We're deep enough into spring that we're starting to take the results of the exhibition games into account–although we're still at a stage where a player can raise his TAv 40 points with a single good game. Still, there are players who have moved up or down their team's depth charts. Good thing, or the biggest change in the depth chart would probably be the 5% switch of Hernan Iribarren from the Brewers to the Rangers.

Most of these moves are still quite small–guys moving up and down by 5s and 10s in percentage terms. The big moves will come in the final week, as teams lock in on certain players and release others. Everything today is still "inclinations" and "seems to have a leg up", not "has won".

Note: the TAvs and PERAs calculated for spring have been calculated separately for the teams in Arizona (where teams have a composite .282/.358/.445 line, 5.85 R/g) and Florida (which has a similar .282/.359/.447 line and 5.96 R/g). No park factors, and no adjustments for difficulty – an "average" player in each state has a .260 TAv or a 4.50 PERA.

Around the leagues:

  • Arizona Diamondbacks: Tony Abreu (.357 TAv) has outplayed Augie Ojeda (.274) and especially Ryan Roberts (.229) for a middle infield spot – he'll move up at their expense. Conor Jackson has looked very good (.451) at the plate, but only a couple innings at first; we'll make him a full-time OF and raise his PA a bit more. Gerardo Parra (.157) has been awful, and certainly isn't playing his way into any more time; Cole Gillespie (.311) has been much better, and at worst becomes the first man up from Reno. With Webb out at the start, Billy Buckner (8.75 PERA) moves into a definite role, with the fifth spot still open between favorite Rodrigo Lopez (4.30), Bryan Augenstein (3.53), Kevin Mulvey (8.62), and late arrival Kris Benson (projected 5.67 for the season).
  • Atlanta Braves: Frederick Freeman (.244) hasn't been able to upset the Glaus/Hinske (.482 and .327) plans at first base…Brooks Conrad (.345) has outshone Omar Infante (.189) for a reserve slot, not that he'll win it…Joe Thurston (.286) has gotten a long look at third…Melky Cabrera (.274) and Jason Heyward (.412) are the only outfielders who have hit this spring; Matt Diaz (.225) and Nate McLouth (.000!) have struggled, and no other minor leaguers have made a push. The entire rotation looks fine, leaving Kris Medlen (2.33) stuck in the bullpen.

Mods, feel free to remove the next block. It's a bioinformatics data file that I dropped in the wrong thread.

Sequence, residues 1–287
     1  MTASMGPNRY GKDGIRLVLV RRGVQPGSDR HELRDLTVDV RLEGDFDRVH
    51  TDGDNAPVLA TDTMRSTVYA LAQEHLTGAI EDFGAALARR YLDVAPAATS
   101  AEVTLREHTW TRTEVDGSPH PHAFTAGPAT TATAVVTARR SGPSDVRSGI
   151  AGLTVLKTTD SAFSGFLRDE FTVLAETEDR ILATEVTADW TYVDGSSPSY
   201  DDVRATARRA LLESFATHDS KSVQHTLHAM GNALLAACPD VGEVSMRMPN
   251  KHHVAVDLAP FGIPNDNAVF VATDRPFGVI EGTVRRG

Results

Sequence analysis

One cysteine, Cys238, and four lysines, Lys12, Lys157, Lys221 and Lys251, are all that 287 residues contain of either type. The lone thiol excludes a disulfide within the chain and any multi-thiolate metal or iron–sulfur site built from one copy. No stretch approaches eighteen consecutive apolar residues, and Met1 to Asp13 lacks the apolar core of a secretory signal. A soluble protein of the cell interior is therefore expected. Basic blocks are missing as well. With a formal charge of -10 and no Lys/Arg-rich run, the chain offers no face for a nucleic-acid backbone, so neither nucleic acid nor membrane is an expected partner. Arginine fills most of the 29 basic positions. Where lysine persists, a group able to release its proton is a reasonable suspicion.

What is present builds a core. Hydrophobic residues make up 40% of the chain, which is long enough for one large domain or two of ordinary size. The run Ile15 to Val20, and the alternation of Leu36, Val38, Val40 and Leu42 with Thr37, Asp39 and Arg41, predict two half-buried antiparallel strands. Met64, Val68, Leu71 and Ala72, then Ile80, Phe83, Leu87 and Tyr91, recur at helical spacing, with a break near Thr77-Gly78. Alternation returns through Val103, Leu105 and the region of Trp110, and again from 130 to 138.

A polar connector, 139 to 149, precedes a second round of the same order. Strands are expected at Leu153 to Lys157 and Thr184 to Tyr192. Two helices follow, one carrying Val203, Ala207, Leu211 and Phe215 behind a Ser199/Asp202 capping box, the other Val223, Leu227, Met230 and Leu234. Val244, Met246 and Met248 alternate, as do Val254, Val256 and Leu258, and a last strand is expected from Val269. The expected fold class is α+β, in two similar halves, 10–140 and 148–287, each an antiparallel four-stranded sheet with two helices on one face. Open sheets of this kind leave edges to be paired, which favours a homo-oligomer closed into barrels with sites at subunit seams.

• Baltimore Orioles: Kevin Millwood (26.91) has some of the worst stats in all of spring training. David Hernandez (7.35) has been as homeriffic as ever, Brad Bergesen (7.76) has been shaky, as has Tillman (5.73)…that might leave an opening for Alfredo Simon (2.05), last year's spring surprise…  Brian Roberts' back is worth a downgrade in playing time, and while Justin Turner (.368) has been good, it looks like Ty Wigginton (.248) will get the nod. At first, Atkins (.293) and Wigginton have held off Snyder (.304) and Aubrey (.124), at least for now…Scott Moore (.200) has probably missed his chance…Josh Bell (.311) has looked better than Miguel Tejada (.215), which might open a chance in August.
  • Boston Red Sox: About the only offensive drama for Boston's spring is Jed Lowrie's wrist (.224, unencouraging) and what to do with Mike Lowell (played for the first time yesterday). Bill Hall (.135) could be playing himself out, and Josh Reddick (.391) has looked really good and earns a mention. On the mound, I'm peeling a couple of starts off Matsuzaka, but nothing else in the Sox staff plans looks to be changing.
  • Chicago Cubs: The backup first base sweepstakes between Kevin Millar (.354), Chad Tracy (.214), and Micah Hoffpauir (.146) is decidedly in Millar's favor, with Tracy the likely victim. Mike Fontenot (.395) has pushed off Jeff Baker (.085) at second, while Ryan Theriot (.456) has held off a strong Starlin Castro (.337) at short – we could also see it as Fontenot holding off Castro. Alfonso Soriano (.125) has been really bad, and Tyler Colvin (.383) has been a big surprise, upsetting plans for Sam Fuld (.225) and Xavier Nady (.224, can't really throw yet). Their pitching has been pretty bad, with no one grabbing hold off the rotation slot Lilly's injury provides – Sean Marshall (8.61) has been a little less bad than Carlos Silva (9.20) or Jeff Samardzija (15.11), which I suppose gives him an edge. Esmailin Caridad (1.76) has look quite good, so no problem moving him up to be Marmol's backup.
  • Chicago White Sox: Jayson Nix (.318) and Brent Lillibridge (.240) are fighting for a backup infield spot, while Omar Vizquel has accumulated a .000 line over 21 PA and is supposedly safe…Mark Teahen joins Omar in the .000 club, as does Dayan Viciedo…In the outfield, Alejandro de Aza (.358) is lighting things up, but he's dazzled us in spring before only to fall on de azz in the regular season. I'll give him some OF time, because I just can't give Carlos Quentin more than a 75% PT, and somebody has to play out there. Pitching-wise, Bobby Jenks is getting to be a real worry, and earns a slight downgrade – that will benefit Thornton and Putz. Sergio Santos (2.49) hasn't allowed a real run yet, is throwing 98, and is out of options – sounds like a spot needs to be made for him.